Financial innovation and technology combined is called fintech. This new ecosystem integrates the current evolution of blockchain technology with financial products to provide users with swift, affordable and efficient services. Tech startups innovate and simplify the current financial system. Challenger and neo-banks disrupt traditional finance and are at the forefront of further developments. The main distinction between Fintech and financial institutions are its regulation and the mandatory capital requirements.
The differences between regulated banking practices and fintech restrict the latter to hold customer funds on their accounts. Instead, they (currently) hold accounts with regulated financial institutions. The risk of failure for creditors seems transferred to the systemic banking system. Yet, this assumption is breached by an additional third party risk. Honest conduct by the fintech and absolute compliance with global anti-money laundering frameworks is therewith furthered. However, fintech failure leaves all creditors unsecured and surrendered to traditional insolvency procedures.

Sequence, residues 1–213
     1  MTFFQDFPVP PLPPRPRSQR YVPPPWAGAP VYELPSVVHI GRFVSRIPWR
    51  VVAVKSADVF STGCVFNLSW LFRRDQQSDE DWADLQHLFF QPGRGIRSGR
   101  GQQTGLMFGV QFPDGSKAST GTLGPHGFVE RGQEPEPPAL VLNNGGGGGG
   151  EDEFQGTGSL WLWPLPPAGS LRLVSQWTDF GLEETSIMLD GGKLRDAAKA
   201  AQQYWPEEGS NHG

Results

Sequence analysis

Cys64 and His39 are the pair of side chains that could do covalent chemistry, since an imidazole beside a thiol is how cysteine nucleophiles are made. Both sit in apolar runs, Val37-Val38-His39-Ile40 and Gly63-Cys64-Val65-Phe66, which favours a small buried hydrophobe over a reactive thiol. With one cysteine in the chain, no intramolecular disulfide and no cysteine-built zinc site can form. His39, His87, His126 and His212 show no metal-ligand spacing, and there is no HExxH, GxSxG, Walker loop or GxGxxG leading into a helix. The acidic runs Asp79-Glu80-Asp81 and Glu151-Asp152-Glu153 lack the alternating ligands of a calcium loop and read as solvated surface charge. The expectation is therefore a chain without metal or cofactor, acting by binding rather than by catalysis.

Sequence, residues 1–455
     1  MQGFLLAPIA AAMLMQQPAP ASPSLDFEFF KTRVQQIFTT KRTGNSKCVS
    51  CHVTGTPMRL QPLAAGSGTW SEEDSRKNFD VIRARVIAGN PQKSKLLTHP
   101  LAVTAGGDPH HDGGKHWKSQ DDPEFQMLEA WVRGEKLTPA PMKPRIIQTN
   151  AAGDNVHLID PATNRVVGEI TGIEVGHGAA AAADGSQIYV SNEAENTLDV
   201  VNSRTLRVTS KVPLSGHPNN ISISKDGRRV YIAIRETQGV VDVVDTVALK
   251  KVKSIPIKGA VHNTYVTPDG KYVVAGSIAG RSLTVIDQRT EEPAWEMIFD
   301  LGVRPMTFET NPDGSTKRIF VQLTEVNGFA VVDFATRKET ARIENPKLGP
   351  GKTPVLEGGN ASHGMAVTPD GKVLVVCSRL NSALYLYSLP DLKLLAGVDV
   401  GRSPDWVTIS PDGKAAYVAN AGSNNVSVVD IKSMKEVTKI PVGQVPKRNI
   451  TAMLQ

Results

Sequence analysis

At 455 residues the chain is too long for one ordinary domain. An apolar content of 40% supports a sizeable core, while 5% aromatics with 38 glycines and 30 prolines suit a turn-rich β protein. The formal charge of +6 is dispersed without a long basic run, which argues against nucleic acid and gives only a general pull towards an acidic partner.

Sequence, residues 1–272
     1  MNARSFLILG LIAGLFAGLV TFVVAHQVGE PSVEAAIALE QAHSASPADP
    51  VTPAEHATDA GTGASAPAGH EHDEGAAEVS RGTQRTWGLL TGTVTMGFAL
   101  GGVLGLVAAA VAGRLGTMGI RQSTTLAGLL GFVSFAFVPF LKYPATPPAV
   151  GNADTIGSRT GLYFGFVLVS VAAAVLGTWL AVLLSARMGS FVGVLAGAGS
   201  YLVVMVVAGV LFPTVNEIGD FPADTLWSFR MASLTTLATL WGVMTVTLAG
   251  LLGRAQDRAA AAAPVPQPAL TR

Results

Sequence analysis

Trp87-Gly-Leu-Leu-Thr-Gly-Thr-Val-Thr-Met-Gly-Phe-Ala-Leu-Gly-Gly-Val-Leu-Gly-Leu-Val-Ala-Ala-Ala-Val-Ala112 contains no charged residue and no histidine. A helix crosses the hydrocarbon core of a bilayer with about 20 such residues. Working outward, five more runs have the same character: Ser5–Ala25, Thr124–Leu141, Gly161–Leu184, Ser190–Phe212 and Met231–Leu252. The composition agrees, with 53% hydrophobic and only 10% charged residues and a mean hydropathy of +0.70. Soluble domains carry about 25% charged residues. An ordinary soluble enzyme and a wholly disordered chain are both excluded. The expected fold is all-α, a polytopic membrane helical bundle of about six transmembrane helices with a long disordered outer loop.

Ripple effects of fintech failure are visible throughout society. Account balances, pension funds, and stock indexes may be impacted. As such, risk mitigation starts with the choice of the appropriate financial institution. This is followed by a diverse asset allocation to limit potential losses. Creditors may also wish to hedge risk by insuring the account balance, whilst appreciating that there is no regulatory or government backed deposit protection for fintech deposits.
Even though fintech firms often provide IBAN accounts or other account numbers, these are not considered bank accounts. Bank account opening is limited to regulated financial institutions with a banking license. Fintech firms often have a license to operate as a ‘Payment Institution’ or ‘Electronic Money Institution’. This is a main disclaimer for the uninformed in need of a swift solution to make or receive payments. The accounts at these electronic money institutions do not always qualify for all incoming and outgoing payments.